Video: Victory Brewing Supports Small BREW Act During Growth Process

Hundreds of brewers flocked to Capitol Hill in Washington D.C. last month in an effort to update the federal beer excise tax. Although most of the brewers were in town for the Craft Brewers Conference, they didn’t waste an opportunity to voice their opinions to legislators. Bill Covaleski, brewmaster and president of Victory Brewing Company, was one of those brewers at The Hill.

“American craft beer is in the hearts and minds of pretty much everyone here in the capital,” Covaleski said, as seen in the video above.

The current federal beer excise tax, which hasn’t been updated since 1976 — when there were about 30 brewers operating in the U.S., according to the Brewers Association (BA) — charges brewers $7 per barrel for the first 60,000 barrels. The Small BREW Act proposes to cut that charge in half and would add a new tax of $16 per barrel on beer production between 60,001 and 2 million barrels. The BA approximates that the bill would support more than 108,000 full- and part-time jobs, generate more than $3 billion in wages and pay more than $2.3 billion in business, personal and consumption taxes.

Covaleski said that he approves of the bill’s intent because the tax adjustment would free up capital for growing breweries. He said that while well-established breweries can ease the burden of the tax by drawing financial support elsewhere, this conventional process isn’t as easy for breweries with three-to-five-year track records that need new equipment and other means for expansion.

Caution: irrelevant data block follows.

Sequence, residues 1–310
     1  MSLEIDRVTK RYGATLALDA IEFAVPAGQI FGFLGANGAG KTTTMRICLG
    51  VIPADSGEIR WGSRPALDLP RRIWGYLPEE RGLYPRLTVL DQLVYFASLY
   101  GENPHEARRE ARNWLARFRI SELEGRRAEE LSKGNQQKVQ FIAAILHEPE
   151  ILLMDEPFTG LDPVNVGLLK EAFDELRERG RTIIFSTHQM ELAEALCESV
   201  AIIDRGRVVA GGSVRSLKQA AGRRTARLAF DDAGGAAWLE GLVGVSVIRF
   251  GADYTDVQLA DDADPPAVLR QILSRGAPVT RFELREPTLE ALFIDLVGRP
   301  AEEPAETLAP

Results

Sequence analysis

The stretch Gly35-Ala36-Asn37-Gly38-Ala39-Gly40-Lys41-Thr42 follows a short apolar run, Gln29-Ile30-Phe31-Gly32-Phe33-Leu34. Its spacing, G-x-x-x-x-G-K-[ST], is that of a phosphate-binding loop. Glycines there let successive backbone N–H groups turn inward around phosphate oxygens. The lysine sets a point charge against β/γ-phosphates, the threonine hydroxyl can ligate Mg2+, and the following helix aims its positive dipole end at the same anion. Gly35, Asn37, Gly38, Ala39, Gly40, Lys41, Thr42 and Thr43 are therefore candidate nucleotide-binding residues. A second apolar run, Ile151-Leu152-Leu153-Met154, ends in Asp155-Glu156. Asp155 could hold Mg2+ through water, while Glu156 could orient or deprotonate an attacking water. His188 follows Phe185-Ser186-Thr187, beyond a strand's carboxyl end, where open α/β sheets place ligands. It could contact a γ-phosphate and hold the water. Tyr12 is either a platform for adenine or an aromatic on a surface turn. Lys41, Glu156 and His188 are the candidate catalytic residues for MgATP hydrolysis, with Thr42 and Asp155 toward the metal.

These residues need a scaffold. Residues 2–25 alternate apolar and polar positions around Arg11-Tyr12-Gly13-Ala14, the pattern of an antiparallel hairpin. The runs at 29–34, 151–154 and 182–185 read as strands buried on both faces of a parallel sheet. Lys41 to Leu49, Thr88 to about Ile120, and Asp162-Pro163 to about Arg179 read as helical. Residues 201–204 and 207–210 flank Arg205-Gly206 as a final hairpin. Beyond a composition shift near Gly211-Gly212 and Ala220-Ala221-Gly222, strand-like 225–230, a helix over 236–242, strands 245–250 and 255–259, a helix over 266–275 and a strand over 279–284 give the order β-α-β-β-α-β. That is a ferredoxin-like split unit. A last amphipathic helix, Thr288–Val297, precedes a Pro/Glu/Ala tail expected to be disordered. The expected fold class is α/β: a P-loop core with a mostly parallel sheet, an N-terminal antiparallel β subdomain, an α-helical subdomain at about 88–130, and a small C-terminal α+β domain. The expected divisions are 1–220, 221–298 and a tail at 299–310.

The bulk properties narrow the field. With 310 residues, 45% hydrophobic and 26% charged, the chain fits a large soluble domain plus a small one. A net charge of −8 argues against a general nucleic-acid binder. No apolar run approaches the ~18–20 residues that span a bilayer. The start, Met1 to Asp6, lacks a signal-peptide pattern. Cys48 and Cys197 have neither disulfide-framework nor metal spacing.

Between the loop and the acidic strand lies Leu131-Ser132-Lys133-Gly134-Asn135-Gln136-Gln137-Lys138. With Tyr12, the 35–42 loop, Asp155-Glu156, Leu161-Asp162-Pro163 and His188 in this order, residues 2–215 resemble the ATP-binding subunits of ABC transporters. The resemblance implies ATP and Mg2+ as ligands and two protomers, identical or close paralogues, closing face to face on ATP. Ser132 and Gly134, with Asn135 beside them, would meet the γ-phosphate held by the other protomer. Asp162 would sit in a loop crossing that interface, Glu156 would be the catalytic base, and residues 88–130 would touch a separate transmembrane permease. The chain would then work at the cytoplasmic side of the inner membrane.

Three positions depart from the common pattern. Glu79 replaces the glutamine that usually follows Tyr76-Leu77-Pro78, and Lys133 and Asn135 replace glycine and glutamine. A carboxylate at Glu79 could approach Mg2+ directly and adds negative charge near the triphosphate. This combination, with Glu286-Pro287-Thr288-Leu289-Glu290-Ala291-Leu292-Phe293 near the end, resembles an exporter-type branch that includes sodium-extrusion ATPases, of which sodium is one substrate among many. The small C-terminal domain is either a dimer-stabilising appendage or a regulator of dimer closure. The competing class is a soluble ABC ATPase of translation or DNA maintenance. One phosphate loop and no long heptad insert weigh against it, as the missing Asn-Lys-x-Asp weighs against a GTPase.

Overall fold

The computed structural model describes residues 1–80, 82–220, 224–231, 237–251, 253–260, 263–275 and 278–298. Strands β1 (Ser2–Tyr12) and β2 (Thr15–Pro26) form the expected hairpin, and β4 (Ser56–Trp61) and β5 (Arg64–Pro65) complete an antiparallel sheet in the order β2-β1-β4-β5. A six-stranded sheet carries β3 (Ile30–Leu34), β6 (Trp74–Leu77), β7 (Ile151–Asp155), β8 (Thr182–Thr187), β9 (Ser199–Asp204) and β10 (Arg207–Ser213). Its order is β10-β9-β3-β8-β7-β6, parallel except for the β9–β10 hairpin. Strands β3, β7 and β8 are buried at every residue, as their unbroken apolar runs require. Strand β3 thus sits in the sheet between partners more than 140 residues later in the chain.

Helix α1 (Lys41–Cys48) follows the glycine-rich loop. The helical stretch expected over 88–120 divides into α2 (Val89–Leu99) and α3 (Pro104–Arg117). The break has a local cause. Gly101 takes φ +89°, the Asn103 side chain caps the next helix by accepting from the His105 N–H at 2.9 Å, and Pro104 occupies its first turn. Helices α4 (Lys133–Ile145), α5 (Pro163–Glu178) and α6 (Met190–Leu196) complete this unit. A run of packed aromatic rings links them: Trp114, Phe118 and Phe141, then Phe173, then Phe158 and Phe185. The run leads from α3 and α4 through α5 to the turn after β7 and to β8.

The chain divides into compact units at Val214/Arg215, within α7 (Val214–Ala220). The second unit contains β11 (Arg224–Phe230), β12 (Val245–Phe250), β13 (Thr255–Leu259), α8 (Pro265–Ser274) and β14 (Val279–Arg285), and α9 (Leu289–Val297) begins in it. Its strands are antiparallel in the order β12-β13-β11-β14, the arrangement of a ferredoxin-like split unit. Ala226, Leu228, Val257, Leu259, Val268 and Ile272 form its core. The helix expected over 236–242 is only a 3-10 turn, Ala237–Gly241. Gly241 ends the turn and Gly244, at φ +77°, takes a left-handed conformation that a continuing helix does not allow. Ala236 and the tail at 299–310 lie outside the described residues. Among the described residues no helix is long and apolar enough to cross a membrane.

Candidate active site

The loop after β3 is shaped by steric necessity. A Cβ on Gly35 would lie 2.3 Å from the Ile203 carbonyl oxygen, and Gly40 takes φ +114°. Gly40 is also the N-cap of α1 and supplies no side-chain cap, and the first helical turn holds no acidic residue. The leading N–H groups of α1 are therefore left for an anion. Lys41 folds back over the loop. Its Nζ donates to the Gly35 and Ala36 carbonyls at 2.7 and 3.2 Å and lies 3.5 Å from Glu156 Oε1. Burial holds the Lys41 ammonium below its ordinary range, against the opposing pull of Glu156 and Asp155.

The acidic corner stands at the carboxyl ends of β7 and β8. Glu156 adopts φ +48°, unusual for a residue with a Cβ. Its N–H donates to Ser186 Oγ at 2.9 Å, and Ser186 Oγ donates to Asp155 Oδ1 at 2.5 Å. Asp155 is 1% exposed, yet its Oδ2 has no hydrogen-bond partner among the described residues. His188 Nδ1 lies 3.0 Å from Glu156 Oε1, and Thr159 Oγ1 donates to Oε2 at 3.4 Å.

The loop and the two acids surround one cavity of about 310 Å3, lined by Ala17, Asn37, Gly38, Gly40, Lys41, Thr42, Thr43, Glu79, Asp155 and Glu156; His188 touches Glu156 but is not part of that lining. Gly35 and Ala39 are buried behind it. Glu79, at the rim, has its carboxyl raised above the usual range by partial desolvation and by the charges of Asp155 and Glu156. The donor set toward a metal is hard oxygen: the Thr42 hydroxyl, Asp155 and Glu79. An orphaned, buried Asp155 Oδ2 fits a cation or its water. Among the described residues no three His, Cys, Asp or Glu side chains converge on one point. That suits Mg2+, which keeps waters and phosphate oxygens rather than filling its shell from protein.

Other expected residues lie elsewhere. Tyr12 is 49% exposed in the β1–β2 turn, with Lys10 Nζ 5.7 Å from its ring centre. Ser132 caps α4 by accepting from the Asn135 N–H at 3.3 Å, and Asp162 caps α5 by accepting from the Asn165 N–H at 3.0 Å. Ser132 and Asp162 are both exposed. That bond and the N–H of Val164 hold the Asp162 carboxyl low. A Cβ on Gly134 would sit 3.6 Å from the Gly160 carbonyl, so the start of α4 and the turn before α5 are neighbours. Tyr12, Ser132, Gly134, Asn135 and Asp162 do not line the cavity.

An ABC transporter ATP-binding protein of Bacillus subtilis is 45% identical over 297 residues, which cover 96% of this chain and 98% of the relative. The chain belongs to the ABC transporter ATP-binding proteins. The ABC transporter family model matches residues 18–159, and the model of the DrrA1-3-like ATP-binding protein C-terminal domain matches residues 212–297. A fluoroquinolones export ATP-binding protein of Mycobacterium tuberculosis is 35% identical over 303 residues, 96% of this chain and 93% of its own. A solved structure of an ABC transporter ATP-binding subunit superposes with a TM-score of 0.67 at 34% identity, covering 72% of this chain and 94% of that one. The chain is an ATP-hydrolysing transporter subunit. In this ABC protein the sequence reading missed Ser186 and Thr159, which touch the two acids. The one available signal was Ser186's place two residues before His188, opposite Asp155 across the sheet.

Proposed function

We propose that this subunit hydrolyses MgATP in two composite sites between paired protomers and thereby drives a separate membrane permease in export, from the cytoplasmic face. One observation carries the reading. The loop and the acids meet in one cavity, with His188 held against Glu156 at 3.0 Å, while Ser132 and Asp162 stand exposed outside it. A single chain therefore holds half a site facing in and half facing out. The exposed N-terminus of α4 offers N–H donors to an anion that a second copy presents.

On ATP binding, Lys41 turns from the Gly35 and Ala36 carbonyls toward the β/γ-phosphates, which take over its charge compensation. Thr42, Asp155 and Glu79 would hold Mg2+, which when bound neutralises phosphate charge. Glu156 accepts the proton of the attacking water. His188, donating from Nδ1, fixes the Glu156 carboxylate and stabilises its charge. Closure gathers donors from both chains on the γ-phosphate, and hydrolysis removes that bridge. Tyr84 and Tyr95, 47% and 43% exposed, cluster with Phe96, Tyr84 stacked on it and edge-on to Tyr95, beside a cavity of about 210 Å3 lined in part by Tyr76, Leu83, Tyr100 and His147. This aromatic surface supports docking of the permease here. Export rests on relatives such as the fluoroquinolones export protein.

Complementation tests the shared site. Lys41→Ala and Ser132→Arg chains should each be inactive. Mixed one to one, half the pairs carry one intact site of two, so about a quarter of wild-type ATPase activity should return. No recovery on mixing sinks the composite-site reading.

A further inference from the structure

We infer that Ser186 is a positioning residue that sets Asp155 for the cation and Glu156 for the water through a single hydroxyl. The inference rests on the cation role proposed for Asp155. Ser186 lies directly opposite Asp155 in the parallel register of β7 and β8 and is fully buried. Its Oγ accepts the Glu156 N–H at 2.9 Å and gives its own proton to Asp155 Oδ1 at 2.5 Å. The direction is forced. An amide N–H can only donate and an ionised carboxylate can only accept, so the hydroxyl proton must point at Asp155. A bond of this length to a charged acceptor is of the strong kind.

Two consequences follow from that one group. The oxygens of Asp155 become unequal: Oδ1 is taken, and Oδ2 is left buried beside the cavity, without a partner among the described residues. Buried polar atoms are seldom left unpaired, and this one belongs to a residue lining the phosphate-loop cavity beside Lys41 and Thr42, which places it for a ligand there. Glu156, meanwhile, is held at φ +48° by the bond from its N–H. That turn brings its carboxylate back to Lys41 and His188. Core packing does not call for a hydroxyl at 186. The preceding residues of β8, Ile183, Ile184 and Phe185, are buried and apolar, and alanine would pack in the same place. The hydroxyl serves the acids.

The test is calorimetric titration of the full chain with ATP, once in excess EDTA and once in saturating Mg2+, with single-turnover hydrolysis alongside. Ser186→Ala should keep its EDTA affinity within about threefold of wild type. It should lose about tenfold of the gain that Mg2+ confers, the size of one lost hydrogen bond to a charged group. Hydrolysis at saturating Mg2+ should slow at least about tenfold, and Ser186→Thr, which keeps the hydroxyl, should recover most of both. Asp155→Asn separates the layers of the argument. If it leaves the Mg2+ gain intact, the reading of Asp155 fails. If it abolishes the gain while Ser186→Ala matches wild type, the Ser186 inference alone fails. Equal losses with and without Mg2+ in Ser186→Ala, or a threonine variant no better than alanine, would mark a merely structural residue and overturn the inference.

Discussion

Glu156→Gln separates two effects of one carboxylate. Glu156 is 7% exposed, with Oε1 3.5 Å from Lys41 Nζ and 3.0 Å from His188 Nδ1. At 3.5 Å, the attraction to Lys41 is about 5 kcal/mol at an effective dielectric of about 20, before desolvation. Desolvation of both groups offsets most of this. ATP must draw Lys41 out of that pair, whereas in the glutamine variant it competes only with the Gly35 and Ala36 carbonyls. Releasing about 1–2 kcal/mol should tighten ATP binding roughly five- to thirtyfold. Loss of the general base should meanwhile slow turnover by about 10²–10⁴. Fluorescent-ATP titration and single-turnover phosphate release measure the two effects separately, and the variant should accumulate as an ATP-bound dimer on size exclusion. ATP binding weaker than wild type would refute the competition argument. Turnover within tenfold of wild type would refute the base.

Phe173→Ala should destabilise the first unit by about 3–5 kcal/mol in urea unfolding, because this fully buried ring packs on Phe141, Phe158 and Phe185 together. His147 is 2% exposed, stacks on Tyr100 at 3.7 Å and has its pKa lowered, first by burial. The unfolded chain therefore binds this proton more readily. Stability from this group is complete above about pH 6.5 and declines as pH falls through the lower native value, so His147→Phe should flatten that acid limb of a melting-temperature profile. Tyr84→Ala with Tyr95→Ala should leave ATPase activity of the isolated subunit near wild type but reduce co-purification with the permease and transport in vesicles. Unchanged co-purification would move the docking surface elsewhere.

“Keeping the opportunities for entrepreneurs to enliven this marketplace with new and exciting products is not an obligation, it’s an opportunity,” he said.

The push for updated legislation comes during a transitional period for Victory Brewing. Covaleski said that in 2011, he felt unsure of his brewery’s direction. He noticed trends indicating that Victory’s wholesale growth was dipping from the mid-20s, only to experience 41 percent wholesale growth in that pivotal year.

“2011 changed our strategy tremendously and put us on the hot seat in order to build more capacity or start saying no to our wholesalers,” Covaleski sadi. “And we certainly wanted to make more beer.”

To meet this demand, Victory built a second brewery in Parkesburg, Pa., 17 miles west of its original location in Downingtown. The Downingtown brewery can produce about 105,000 barrels per year (it produced 93,000 in 2012). Meanwhile the Parkesburg location, a 212 square-foot building on 42 acres of land, can initially produce 225,000 barrels per year. Covaleski said that he expects to have test brews there in July and to be rolling out beer in August.

This rapid growth rate leads Covaleski to believe that Victory will soon enter new markets; possibly Arizona, New Mexico, Missouri and Alabama. He also believes that there’s more opportunity in exporting Victory beer.

While Victory already exports bottles to Singapore and draft to Japan, Covaleski said that he’s visited China three times in the past two years and conducted focus groups there. He said that he could envision exporting to Germany, Italy and the Netherlands.

“From all of the observations we’ve had,” he said, “we feel that American craft beer has a great future abroad.”

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